FEDS ROUTINELY SEEK CELL PHONE TRACKING DATA (, 26 Nov 2007) - Most people are oblivious to the fact that they carry a real-time tracking device with them throughout the day: their cell phone. Now the Washington Post is reporting that federal agents are routinely requesting court orders to compel cell phone companies to release the information to them. In many cases, Post reporter Ellen Nakashima said, the court orders the release of the information without the legal safeguards typically required for a search warrant. But now some courts are taking a closer look at the requests for tracking information. In a brief telephone interview, Justice Department spokesperson Dean Boyd stressed that federal agents are not illicitly obtaining cell phone data. “Federal agents can only obtain data when it’s authorized by a judge,” Boyd said. “It’s the courts that make the determination as to whether the requested data should be released.” Following the publication of the Washington Post article, Boyd issued a lengthy statement defending the actions of federal agents. “Law enforcement has absolutely no interest in tracking the locations of law-abiding citizens,” Boyd said in the statement. “What we’re doing is going through the courts to lawfully obtain data that will help us locate criminal suspects, sometimes in cases where lives are literally hanging in the balance, such as a child abduction case or a serial murderer on the loose.” Under the U.S. Constitution, governmental agents are typically required to show that their warrant request is based on “probable cause” that a crime is taking place, or that the requested information will help produce evidence of a crime. But in some instances, federal prosecutors and agents have filed their requests under two federal laws, the Stored Communications Act and the Pen Register Statute, which provide a lower standard than “probable cause.” Under those statutes, a subpoena for electronic information can be granted if there are “reasonable grounds” that the information will lead to data “relevant to an ongoing criminal investigation.” The issue was highlighted recently by the publication of an unusually stern denial of a data request by Magistrate Brian L. Owsley in the Southern District of the U.S. District Court in Texas. Among other things, Magistrate Owsley said that the affidavit submitted by a Drug Enforcement Agent for cell phone tracking data lacked the kind of specific information generally required to establish probable cause.;_ylt=Aofp9kFeCBVeiU_kpglDgDAE1vAI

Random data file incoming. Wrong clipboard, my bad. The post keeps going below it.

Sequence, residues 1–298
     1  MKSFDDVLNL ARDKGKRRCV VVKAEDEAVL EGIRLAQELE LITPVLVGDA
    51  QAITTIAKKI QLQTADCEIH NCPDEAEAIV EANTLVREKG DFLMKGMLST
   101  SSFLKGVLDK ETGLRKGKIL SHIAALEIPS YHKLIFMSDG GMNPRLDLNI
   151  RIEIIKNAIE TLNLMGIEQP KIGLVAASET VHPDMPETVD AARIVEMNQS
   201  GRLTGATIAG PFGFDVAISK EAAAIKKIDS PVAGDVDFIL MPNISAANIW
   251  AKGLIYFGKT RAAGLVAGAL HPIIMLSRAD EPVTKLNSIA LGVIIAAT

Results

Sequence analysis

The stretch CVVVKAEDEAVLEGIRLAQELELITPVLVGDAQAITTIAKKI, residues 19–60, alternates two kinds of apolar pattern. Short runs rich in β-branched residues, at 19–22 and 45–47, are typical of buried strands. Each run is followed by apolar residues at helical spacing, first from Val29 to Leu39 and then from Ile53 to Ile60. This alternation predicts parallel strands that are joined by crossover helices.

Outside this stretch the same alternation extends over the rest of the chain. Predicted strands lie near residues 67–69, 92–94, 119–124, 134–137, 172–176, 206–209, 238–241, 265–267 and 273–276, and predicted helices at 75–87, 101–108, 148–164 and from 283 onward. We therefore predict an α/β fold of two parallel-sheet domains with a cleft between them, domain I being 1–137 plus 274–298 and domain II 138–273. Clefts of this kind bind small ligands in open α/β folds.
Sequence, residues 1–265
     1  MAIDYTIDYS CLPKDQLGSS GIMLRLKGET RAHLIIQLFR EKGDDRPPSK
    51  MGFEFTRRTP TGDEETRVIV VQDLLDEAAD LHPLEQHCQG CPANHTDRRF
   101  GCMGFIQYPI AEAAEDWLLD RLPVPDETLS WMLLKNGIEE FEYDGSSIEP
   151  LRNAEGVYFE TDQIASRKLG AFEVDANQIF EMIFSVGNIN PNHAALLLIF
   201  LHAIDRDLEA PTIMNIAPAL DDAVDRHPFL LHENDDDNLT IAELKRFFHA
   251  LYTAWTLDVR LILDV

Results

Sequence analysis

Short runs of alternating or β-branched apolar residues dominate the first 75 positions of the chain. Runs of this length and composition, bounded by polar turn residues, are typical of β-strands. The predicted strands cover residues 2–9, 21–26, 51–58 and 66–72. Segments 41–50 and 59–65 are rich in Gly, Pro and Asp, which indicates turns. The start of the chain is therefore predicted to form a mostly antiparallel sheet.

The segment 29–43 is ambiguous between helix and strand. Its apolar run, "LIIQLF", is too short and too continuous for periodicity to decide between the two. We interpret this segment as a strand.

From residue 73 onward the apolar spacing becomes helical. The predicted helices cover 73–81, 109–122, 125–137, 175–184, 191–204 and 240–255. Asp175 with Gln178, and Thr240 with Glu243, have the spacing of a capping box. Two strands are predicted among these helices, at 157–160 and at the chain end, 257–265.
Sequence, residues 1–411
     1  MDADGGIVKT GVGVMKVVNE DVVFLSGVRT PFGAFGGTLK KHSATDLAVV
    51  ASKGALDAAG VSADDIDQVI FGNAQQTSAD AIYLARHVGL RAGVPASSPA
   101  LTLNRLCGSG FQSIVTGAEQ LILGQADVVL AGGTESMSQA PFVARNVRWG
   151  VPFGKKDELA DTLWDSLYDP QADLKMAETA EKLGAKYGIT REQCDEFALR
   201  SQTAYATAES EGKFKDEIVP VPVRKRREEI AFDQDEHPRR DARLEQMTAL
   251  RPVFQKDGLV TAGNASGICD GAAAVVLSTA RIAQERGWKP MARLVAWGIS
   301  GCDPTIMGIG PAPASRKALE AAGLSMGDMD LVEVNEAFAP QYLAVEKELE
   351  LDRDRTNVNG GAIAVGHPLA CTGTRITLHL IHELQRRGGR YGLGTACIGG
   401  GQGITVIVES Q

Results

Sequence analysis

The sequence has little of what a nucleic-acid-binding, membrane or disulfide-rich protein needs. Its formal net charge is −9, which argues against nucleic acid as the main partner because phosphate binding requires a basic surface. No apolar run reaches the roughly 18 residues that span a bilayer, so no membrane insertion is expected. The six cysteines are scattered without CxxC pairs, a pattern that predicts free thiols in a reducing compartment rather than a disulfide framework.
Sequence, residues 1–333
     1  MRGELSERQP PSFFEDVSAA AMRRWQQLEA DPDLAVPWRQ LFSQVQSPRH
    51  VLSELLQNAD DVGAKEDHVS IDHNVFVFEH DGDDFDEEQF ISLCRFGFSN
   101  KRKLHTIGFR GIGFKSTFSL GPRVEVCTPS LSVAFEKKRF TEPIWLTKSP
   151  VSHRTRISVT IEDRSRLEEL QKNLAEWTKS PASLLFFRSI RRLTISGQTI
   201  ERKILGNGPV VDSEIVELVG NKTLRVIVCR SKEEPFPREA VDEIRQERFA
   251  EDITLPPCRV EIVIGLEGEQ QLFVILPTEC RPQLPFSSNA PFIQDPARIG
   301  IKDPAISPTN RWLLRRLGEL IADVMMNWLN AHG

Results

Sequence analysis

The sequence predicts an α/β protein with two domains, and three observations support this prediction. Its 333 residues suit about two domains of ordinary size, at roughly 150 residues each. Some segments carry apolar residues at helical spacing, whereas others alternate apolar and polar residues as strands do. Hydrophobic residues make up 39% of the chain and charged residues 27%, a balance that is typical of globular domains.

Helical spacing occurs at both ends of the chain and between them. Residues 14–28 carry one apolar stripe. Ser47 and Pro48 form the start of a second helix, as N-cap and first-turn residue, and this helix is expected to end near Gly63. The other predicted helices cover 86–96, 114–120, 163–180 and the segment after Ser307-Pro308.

WHEN E-MAIL IS OUTSOURCED (InsideHigherEd, 27 Nov 2007) - In 1998, Dartmouth College was considered at the forefront of campus e-mail. Its homegrown system, BlitzMail, continued to reflect the college’s reputation for being ahead of the curve on technology. Dartmouth students still rely on BlitzMail today, downloading their messages with a traditional Windows- or Mac-based client. But nearly 10 years later, even David L. Bucciero, the director of technical services, calls the service “archaic.” It lacks some of the “bells and whistles,” he said, that most students take for granted with the personal Web-based e-mail accounts they take with them to college. Such features might include the ability to view and compose messages in HTML, which allows the customization of fonts and colors, or virtually unlimited storage space. Those inadequacies — combined with occasional downtime — explain why Dartmouth might go back to the drawing board. And in rethinking its e-mail strategy, officials there will confront similar issues as many other colleges and universities in a time of rapid shifts in messaging habits and in the economics of Internet applications. Bucciero and a planned study group will soon consider whether it’s worthwhile to continue maintaining BlitzMail, or whether Dartmouth should consider for e-mail what colleges routinely do for many other basic operational functions: outsource it. In the world of e-mail, outsourcing means two things: Google or Microsoft. Both have been marketing Web-based messaging services to small businesses, nonprofits and other groups, and they’ve focused more intensely on the higher education market over the past year. Besides services that are completely free and interfaces that are familiar to students, they offer a wide array of features, tools that let people collaborate in real time — and of course, the cool factor. At Dartmouth, Bucciero and his colleagues will weigh the possibility of taking “BlitzMail to the next level,” switching to another system entirely or enlisting a third party. It’s the last option that would raise the most concerns — about security and privacy, if data were migrated offsite; about accessing messages through clients offline, if they’re readable primarily through the Web; about support services, if the current IT help desk can no longer administer the system; and about the ability to send mass e-mail blasts. Jeff Keltner, Google’s enterprise specialist for collaboration products, said institutions at six of the seven continents use its education services, with several hundred thousand active users logging in at a regular basis from several thousand campuses around the world. The senior product manager for Microsoft’s Live @ edu program, Bruce Gabrielle, said the company has some 450 higher education clients, which ballooned from 300 since the end of June. “A lot of awareness is spreading virally,” he said. While many colleges universities have yet to make the switch to Google or Microsoft, several (like Dartmouth, Cornell University, the University of Connecticut and Ohio State University) are in the process of exploring their options or issuing requests for proposals. Both companies offer integrated e-mail, chat, calendar and publishing tools without advertisements and without any cost to colleges or universities — no exclusivity required. The standard Google contract is one year, with three one-year auto-renewals; for Microsoft, the typical length is two years. Both preserve universities’ “.edu” e-mail domains while offering the functionality of a typical Gmail or Live address.